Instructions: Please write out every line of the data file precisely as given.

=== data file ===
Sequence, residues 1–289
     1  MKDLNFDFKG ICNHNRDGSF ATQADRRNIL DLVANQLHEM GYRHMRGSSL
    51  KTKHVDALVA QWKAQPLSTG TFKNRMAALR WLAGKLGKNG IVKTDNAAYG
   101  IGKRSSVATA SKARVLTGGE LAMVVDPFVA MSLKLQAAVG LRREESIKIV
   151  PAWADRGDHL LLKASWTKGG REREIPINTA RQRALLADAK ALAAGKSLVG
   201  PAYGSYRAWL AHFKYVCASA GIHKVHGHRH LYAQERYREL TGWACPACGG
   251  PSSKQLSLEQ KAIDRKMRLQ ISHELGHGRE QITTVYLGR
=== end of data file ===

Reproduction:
Sequence, residues 1–289
     1  MKDLNFDFKG ICNHNRDGSF ATQADRRNIL DLVANQLHEM GYRHMRGSSL
    51  KTKHVDALVA QWKAQPLSTG TFKNRMAALR WLAGKLGKNG IVKTDNAAYG
   101  IGKRSSVATA SKARVLTGGE LAMVVDPFVA MSLKLQAAVG LRREESIKIV
   151  PAWADRGDHL LLKASWTKGG REREIPINTA RQRALLADAK ALAAGKSLVG
   201  PAYGSYRAWL AHFKYVCASA GIHKVHGHRH LYAQERYREL TGWACPACGG
   251  PSSKQLSLEQ KAIDRKMRLQ ISHELGHGRE QITTVYLGR